Driver: San Francisco is one of my most anticipated games this year. I wailed in dismay at the news that it was pushed from August 30th to September 6th, because it meant waiting yet ANOTHER week for a game I want NOW. Conversely, I squealed in delight when I saw the news of the single player demo being released on Tuesday morning. Though the last two days have been filled with life events and other tedious things, I did manage to get through the demo, and am just as happy with what I played over the last two days as I was when I played it earlier this year and at E3.
The demo provides three campaign missions for you to play through, highlighting some of the big draws of the upcoming game (otherwise known as the thing-that-will-piss-my-wife-off-because-she-won’t-get-any-time-on-the-Xbox-for-at-least-a-week-when-I-get-my-hands-on-it). The first thing I’d like to say (although this is probably a repeat of something I’ve said before) is that Driver: San Francisco feels like Driver, in a good way. Like Martin Edmonson said, it’s like being in a car chase movie from the 70’s. The cars burn out, drift, fishtail, and just plain kick ass.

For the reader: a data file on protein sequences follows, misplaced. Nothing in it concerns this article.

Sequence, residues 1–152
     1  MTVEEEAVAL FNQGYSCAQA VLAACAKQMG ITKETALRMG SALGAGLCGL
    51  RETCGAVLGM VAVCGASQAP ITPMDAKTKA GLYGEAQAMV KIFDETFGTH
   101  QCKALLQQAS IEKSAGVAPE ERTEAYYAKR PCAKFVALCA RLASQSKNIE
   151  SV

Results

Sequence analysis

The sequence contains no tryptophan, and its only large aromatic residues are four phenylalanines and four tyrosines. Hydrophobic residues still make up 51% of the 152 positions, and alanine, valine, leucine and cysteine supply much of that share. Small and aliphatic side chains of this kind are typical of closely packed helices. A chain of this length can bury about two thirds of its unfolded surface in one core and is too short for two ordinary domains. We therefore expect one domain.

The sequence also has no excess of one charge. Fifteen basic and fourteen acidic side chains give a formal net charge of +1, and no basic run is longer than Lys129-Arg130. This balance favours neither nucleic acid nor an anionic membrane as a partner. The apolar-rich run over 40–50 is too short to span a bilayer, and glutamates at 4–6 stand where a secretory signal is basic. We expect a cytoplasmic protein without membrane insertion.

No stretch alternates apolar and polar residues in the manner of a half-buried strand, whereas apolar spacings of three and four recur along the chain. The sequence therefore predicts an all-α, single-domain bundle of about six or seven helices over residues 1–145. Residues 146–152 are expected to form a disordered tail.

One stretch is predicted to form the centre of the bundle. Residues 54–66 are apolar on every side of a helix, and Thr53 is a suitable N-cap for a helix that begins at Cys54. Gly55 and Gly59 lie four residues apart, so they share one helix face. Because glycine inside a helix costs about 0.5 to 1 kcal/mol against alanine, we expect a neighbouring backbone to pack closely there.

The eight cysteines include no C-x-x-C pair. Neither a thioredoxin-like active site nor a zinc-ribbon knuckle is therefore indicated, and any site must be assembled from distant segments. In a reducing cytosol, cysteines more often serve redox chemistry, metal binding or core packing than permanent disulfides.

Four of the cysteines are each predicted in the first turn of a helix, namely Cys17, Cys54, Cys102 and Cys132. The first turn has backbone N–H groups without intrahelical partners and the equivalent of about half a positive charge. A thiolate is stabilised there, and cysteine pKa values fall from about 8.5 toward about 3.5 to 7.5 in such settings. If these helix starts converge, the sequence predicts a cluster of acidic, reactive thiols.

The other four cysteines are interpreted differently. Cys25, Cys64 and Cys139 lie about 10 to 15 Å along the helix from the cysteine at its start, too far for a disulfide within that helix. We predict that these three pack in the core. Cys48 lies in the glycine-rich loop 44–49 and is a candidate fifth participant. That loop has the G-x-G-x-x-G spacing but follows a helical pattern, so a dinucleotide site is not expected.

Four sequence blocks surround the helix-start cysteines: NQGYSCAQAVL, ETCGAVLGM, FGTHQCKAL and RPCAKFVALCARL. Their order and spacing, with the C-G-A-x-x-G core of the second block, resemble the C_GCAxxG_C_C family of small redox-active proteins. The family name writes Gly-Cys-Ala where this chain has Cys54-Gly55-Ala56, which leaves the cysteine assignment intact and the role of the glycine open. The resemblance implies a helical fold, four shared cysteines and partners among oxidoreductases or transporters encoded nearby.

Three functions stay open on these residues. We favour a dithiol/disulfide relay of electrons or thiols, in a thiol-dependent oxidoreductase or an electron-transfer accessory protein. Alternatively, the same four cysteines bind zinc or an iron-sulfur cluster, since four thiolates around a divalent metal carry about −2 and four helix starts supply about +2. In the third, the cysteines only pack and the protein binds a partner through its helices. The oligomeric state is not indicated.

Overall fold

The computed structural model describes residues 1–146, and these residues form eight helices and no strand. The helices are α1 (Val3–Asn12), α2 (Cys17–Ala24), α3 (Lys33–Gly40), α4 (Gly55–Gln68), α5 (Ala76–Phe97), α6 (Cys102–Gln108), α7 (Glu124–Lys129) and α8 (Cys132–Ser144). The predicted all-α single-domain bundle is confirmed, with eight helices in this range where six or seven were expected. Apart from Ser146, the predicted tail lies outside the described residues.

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The first mission, titled “Prove It,” seems like a very early mission, as you have to prove your “Shift” capabilities to your partner. Prove It consists of Shifting into a vehicle that is driving wildly, followed by jumping it off of a moving car transport truck, “tagging” a police car, evading understandably upset police, then hitching to a moving tow truck. The second mission, titled “Team Colours,” really puts a lot of focus on the Shift mechanic. You find yourself Shifted into one part of a two-person team. Your goal is to finish a 2v2 street race with both members of your team taking the top two spots. This pretty much means you race one car to the lead of the pack, then quick Shift to your partner and race your second car to the lead of the pack. You continue alternating this pattern until you reach the finish line. The third mission, titled “The Escapist,” is one big car chase. Evade the police and get to the safe house with a time limit to beat the mission. It’s simple, but there’s something absolutely exhilarating about a large scale car chase through 200 square miles of San Francisco.